Well, pretty much anything can be given a US airworthiness certificate provided it's not literally falling to pieces. You could certificate such an aircraft as a Special Airworthiness Certificate in the Experimental category -- Specifically one of:
Experimental -- Research and Development
To conduct aircraft operations as a matter of research or to determine if an idea warrants further development. Typical uses for this certificate include new equipment installations, operating techniques, or new uses for aircraft.
Experimental -- Showing compliance with regulations
To show compliance to the airworthiness regulations when an applicant has revised the type certificate design data or has applied for a supplemental type certificate or field approval.
If your goal is to ultimately get this aircraft a Standard airworthiness certificate you would probably want the latter, to allow you to conduct test/certification flights in the modified aircraft.
To then get a standard airworthiness certificate things are a bit more murky. You could get a US STC based on the European STC & using this aircraft as the example for conformity inspections and flight testing, but that would require going through the STC process.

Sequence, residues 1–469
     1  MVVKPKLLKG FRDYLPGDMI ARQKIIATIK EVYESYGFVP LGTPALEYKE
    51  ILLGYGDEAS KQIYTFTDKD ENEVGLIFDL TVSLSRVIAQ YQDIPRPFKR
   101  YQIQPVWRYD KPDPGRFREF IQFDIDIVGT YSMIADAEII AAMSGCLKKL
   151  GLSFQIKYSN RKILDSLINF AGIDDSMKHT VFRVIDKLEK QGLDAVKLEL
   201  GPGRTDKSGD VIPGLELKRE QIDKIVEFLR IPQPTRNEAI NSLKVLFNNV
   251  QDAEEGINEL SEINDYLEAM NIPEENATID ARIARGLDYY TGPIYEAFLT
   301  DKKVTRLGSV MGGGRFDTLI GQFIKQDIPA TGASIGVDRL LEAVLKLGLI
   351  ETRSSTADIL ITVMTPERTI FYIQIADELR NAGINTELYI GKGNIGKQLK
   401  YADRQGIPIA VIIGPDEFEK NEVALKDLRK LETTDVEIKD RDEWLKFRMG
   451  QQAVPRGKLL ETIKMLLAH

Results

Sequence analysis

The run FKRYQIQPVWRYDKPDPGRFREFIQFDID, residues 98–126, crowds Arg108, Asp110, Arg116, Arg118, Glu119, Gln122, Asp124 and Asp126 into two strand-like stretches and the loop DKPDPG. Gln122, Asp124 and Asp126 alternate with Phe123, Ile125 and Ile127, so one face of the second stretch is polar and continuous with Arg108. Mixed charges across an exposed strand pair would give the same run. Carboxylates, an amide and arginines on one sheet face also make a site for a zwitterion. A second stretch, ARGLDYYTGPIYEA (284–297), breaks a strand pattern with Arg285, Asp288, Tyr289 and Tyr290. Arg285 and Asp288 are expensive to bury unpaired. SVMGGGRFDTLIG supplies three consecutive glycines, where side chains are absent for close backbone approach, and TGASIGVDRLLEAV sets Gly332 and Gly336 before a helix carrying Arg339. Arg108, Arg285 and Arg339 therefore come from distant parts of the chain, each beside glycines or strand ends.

The other option would be the 337 process, in which case you are also going to need an A&P mechanic (preferably one with Inspection Authorization) and the cooperation of your local FSDO to approve the modification as a "major alteration" (FAA Form 337 - Instructions here).
As you alluded to in your question, something like installing a Rotax engine in a Cessna 150 is a "Major Modification" that has no "FAA Approved Data" (STC procedure/drawings/etc.) to include with the 337, so you would need to submit "Acceptable Data" for your modification (the European STC is a good starting point) and work with the FAA to obtain approval for the modification.
This is something you would want to talk to the FAA about before purchasing an aircraft with such a modification (there's a good chance they may not approve the modification, which would leave you with an unairworthy aircraft, or one restricted to the Experimental category).